Parents, Are We Totally Wrong About the College Admissions Process?

Discover why we should rethink how we view elite colleges and approach the college admissions process in a new way

The college admissions process was remarkably different when you were in high school, right? In the early 1990s, most elite colleges—including Yale and Stanford—had acceptance rates above 20%. Even the most selective colleges—Harvard and Princeton—had above 15% acceptance rates.

Fast forward to today, and most Ivy Leagues and prestigious colleges accept fewer than 9% of their applicants—some as low as 4%. And despite their increased selectivity, applications to these institutions are skyrocketing. It’s no wonder high school students are overwhelmed with college admissions stress.

We’ve bought into the idea that attending an elite college is “making it,” and attending a less selective college is a lower type of achievement. But where does that leave our teenagers?

Students are more stressed than ever trying to get accepted to prestigious colleges. With COVID-19 still disrupting education, extracurriculars, and standardized testing, many students and their families are in a panic.

How will virtual learning and test-optional policies affect their admissions chances? What else can they do to make themselves stand out? How will they get into elite colleges?

I’m worried about how all this college admissions stress affects student mental health. If you have a child approaching the college admissions process, you might be worried, too. 

Keep reading as I debunk stress-inducing college admissions myths, introduce a new way to analyze colleges, and suggest how we should change our approach to the college admissions process.

3 major myths about the college admissions process

Some of the things people believe about college admissions just aren’t true. Let’s take a minute to separate fact from fiction.

Myth #1: It’s hard to get into college.

According to a report by the National Association of College Admissions Counseling, the average acceptance rate of four-year colleges and universities is 66%. That’s a major difference from the 10% acceptance rates we often obsess over.

Here’s some more information that might surprise you. Only 20% of colleges in the nation accept less than half of their applicants. So out of the nearly 3,000 colleges and universities, about 2,400 of them have higher than a 50% acceptance rate. 

We have this conception that getting accepted to college is super challenging, but it isn’t. Getting into some colleges is hard, absolutely. But if you look beyond elite colleges, most students who want to go to college are able to get accepted somewhere—regardless of GPA, test score, and extracurricular experience.

Myth #2: The college admissions process rewards the best and most hardworking students.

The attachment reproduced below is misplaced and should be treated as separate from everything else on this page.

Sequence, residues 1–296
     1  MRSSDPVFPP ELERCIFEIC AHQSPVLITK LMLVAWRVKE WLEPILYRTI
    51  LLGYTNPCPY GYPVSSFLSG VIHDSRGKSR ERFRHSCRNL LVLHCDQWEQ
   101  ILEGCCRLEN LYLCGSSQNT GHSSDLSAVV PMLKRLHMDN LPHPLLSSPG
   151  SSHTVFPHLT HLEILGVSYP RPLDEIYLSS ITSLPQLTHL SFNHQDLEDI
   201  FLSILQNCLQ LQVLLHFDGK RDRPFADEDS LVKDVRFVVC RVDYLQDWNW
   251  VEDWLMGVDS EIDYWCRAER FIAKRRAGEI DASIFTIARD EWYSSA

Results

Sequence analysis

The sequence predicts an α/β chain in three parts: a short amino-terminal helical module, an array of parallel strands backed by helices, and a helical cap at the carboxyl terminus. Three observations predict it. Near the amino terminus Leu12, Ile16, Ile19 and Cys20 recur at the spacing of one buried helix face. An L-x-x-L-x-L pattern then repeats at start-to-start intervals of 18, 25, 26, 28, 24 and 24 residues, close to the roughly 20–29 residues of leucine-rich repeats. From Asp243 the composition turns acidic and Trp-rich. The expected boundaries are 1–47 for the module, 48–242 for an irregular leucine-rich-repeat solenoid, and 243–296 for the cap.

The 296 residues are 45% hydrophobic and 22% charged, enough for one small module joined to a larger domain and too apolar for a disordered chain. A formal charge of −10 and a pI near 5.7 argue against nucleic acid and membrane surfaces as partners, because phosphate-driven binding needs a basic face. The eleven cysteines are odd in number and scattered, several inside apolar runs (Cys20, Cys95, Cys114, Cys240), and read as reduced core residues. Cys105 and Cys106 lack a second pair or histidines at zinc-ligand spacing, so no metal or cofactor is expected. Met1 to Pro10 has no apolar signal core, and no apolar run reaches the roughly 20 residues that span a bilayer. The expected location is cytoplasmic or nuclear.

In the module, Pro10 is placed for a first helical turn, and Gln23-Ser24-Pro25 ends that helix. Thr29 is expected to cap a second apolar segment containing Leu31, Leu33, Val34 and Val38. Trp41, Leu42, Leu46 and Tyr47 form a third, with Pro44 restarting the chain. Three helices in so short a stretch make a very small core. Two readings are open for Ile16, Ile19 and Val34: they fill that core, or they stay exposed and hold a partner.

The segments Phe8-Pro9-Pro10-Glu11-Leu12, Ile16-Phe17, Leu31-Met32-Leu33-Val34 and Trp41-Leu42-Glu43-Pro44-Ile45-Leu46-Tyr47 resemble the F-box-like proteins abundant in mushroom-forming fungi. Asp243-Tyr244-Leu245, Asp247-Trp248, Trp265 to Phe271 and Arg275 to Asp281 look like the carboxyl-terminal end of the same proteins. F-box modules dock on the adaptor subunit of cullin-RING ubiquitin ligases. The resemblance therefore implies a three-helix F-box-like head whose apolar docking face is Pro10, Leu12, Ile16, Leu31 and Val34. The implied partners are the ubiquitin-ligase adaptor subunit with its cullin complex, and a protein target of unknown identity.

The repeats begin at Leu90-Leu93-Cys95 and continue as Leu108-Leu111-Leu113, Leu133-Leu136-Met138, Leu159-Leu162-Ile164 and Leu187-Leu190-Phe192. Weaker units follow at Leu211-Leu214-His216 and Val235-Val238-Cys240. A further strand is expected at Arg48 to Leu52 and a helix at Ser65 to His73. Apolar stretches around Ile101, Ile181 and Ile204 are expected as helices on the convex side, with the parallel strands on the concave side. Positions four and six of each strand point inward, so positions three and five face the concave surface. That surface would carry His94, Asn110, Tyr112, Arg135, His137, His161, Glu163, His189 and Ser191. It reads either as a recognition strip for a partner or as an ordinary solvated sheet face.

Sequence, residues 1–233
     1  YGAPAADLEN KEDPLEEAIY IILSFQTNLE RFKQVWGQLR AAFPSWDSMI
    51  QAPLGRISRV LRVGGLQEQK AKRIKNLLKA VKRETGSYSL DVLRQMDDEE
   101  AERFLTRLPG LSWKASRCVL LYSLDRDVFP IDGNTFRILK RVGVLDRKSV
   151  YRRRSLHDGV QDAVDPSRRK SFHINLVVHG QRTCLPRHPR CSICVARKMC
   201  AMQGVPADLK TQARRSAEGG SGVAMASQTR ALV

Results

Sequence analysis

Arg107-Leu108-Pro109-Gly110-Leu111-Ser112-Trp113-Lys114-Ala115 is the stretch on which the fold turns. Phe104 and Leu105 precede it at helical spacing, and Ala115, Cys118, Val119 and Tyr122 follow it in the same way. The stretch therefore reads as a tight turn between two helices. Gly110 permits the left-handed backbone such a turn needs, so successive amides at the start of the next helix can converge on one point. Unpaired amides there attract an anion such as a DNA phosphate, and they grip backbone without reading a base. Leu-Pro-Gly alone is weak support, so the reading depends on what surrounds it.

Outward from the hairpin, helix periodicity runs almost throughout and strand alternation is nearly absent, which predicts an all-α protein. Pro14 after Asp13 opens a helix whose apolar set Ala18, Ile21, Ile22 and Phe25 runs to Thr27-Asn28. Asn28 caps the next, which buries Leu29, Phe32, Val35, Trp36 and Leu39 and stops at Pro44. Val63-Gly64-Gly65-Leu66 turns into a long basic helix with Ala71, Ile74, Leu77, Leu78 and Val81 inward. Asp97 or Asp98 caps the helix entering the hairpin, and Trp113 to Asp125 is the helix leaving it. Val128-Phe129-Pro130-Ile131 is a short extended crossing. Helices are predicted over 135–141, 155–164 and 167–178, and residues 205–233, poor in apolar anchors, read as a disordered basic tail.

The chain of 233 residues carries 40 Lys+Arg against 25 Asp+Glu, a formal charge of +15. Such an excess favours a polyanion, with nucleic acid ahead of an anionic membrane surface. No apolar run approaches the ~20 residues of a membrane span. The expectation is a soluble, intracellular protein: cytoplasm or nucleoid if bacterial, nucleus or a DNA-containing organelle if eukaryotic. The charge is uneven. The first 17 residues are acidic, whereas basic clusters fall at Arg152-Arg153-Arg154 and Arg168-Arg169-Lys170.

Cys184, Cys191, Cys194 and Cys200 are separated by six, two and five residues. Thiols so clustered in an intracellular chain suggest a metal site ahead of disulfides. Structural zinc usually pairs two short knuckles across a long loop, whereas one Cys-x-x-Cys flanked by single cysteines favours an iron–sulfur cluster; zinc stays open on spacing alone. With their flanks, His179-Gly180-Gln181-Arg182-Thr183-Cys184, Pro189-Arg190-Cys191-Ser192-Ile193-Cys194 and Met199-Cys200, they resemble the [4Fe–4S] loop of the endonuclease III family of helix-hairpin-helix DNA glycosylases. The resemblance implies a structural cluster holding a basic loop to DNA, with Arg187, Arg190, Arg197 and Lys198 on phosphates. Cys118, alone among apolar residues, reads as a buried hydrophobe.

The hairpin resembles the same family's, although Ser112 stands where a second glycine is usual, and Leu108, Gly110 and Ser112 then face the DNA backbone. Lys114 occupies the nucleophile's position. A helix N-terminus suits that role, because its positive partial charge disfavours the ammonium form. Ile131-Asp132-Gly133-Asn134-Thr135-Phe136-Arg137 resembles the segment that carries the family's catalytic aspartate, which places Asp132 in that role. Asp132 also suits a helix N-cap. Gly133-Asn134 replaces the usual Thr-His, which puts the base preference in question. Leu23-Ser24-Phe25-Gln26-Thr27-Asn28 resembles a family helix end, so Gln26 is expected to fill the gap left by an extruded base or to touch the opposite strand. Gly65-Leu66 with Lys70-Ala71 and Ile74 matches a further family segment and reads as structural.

This is a sad myth to debunk because we want college admissions to be fair. But we only have to remember the Varsity Blues college admissions scandal to realize this isn’t the case. Children of wealthy and connected parents have an easier time getting into prestigious colleges.

And even if we set aside this extreme example of injustice, looking at elite colleges’ admissions stats is an eye-opening experience.

Over 40,000 students applied to Harvard last year, but only 2,000 were accepted. And believe me, there were more than 2,000 high-achieving, hardworking students in the applicant pool. 

So why did some students with 1500+ SAT scores and 4.0+ GPAs not get accepted while others did? It’s actually based on Harvard’s behind-the-scenes needs.

Here’s what I mean. Elite colleges want well-rounded classes—specifically in terms of student majors, home states, and areas of achievement. Not to mention, they have reputable departments, activities, and clubs they need to fill.

So maybe a college will admit a musician over a STEM major with the same academic profile because its orchestra has open seats. 

Now, I’m not saying your child should go master the cello. What I am trying to tell you is admissions at elite colleges can seem random on the outside. Your best-in-class student might not have the right major, experience, or background the school is looking for at that moment. 

That’s why the college admissions process doesn’t always reward the best or most hardworking students.

Myth #3: Getting into a prestigious college is the only path to a successful future.

Many students believe going to an elite college is the only way to guarantee them a happy, successful life. This myth just isn’t true. 

In fact, research shows that where students go to college has only a small impact on their job opportunities and career growth later on in life. An Ivy League graduate and a graduate from a less selective college possess the same potential for success and happiness. 

To further emphasize this point, just review the list of the best colleges for getting students jobs after graduation. You might be surprised that none of the schools in the top 10 are Ivies.